There were frequent attempts to ban plays during the Revolutionary War including a 1774 decision by the Continental Congress. This was a result of the opposition to British imports, as most plays were from England, as well as objections to the supposed frivolous nature of drama and other entertainments during a dangerous political crisis.

Once America gained independence from Britain, theatre began to flourish again as a national cultural art form. Restrictive wartime legislation was soon repealed and theaters opened across the country, including in formerly anti-theatre New England. By the end of the 18th century, American theatre was a rapidly growing, socially acceptable art-form, and it continues to thrive today throughout the country.

Jessica Burger
Manager of Marketing, Communications, and Technology

View theatre as many did in the 18th century—outside! Shakespeare on the Lawn at Kenmore returns for its fifteenth year with performances of As You Like It—Saturdays and Sundays: June 9-10 and 16-17, 7:00 p.m. Arrive early to tour the mansion and view the refurnishing. Bring folding chairs or a blanket, and maybe bring a picnic supper to enjoy.

As You Like It image

Sources:

Peter Holland and Michael Patterson, “Eighteenth-century Theatre,” The Oxford Illustrated History of Theatre, John Russell Brown, ed., New York: Oxford University Press, 2001: 255-298 http://thowe.pbworks.com/f/eighteenth.century.theatre.pdf [accessed May 25, 2018]

“Theatre in Colonial Virginia,” Colonial Williamsburg Teacher Gazette, April 2006, http://www.history.org/history/teaching/enewsletter/volume4/april06/theatre.cfm [accessed May 25, 2018].

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Photos: “Much Ado About Nothing” at Kenmore’s Shakespeare on the Lawn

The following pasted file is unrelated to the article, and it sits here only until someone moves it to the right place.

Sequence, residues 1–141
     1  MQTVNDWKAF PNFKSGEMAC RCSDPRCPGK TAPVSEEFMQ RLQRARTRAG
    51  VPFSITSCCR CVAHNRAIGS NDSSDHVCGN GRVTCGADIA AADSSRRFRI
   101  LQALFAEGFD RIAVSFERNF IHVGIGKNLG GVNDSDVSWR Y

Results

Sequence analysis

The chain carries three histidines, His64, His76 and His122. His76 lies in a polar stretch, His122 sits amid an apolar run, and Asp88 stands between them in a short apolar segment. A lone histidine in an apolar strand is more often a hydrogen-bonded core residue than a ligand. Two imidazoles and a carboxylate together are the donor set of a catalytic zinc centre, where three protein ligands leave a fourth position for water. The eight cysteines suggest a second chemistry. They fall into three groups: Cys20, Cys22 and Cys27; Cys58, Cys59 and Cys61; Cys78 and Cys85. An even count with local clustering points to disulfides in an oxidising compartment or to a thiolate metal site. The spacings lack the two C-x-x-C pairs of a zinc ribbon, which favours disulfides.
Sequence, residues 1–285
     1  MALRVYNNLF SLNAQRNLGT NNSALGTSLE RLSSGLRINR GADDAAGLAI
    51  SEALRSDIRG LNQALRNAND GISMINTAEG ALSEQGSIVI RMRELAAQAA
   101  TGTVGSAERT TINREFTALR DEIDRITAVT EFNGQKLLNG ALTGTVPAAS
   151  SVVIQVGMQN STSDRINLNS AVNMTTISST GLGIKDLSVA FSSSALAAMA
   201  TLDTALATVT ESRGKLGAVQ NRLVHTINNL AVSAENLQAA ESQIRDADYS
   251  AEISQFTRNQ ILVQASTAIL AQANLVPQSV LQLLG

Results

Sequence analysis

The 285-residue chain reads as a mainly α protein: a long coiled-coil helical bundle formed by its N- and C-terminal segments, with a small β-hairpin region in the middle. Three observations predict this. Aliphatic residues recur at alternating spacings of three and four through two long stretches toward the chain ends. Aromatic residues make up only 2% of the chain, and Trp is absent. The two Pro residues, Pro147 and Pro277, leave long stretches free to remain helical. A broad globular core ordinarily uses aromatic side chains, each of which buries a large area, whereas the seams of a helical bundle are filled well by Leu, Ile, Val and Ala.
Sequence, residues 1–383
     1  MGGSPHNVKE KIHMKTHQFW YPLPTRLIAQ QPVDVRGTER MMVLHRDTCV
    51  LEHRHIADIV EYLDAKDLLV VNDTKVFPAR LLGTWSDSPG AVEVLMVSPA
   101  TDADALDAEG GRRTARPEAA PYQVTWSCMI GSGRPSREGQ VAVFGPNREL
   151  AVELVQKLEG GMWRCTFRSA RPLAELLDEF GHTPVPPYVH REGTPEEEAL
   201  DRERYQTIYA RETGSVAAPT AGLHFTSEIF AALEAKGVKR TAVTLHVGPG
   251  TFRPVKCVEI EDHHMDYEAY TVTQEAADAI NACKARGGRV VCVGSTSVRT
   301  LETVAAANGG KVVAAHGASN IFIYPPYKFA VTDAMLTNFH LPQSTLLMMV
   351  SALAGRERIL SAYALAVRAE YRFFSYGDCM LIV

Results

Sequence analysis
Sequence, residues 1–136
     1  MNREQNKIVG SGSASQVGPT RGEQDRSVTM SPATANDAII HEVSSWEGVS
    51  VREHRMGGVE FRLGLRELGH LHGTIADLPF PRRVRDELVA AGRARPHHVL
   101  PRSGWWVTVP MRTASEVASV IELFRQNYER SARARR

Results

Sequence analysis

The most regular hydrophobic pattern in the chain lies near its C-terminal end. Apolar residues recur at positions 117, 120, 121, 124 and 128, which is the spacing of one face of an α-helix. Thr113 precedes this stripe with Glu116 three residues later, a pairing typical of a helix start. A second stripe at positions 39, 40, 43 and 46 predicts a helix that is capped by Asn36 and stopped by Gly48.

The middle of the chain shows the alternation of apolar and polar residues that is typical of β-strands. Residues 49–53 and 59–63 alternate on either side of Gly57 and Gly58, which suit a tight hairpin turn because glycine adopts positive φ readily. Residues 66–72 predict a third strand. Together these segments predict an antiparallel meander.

Shakespeare on the Lawn at Historic Kenmore returns this coming weekend with two more performances of Much Ado About Nothing.  Catch one of the final shows at 7:00 p.m. either on Saturday, June 17 or on Sunday, June 18.  Arrive early to tour the mansion and view the refurnishing. Bring folding chairs or a blanket and a picnic. Thank you to sponsor Lewis Insurance Associates. More event details are here. In the meantime, enjoy these scenes from last weekend’s performances!

Photos: “Hamlet” at Kenmore’s Shakespeare on the Lawn

Hamlet (1)

Shakespeare on the Lawn at Historic Kenmore returns this weekend with two more performances of Hamlet.  Catch the one of the final shows at 7:00 p.m. on Saturday, June 18 or Sunday, June  19.  Arrive early to tour the mansion and view the refurnishing. Bring folding chairs or a blanket and a picnic! Thank you to sponsor Lewis Insurance Associates! Learn more at http://www.kenmore.org/events.html.  In the meantime, enjoy these scenes from last weekend’s performances!

 

To See or Not to See? Portraying Hamlet in the 18th Century

Editor’s Note: At the annual Shakespeare on the Lawn performances this June, Historic Kenmore will present Hamlet. The following blog post looks at the actors who played the most famous of Shakespeare’s roles during the 18th century. Details about attending the performances at Kenmore can be found at the end of this entry.

Since the time when Richard Burbage of The Chamberlain’s Men first performed the role originally written for him by William Shakespeare, actors have long desired to play Hamlet.  As a character, Hamlet must convey both a flamboyant madness and a subtle deception, deliver long speeches of blank verse, and ultimately end the play with exhausting fight scene and tragic death. These highs and lows have made actors covet the complex role for centuries.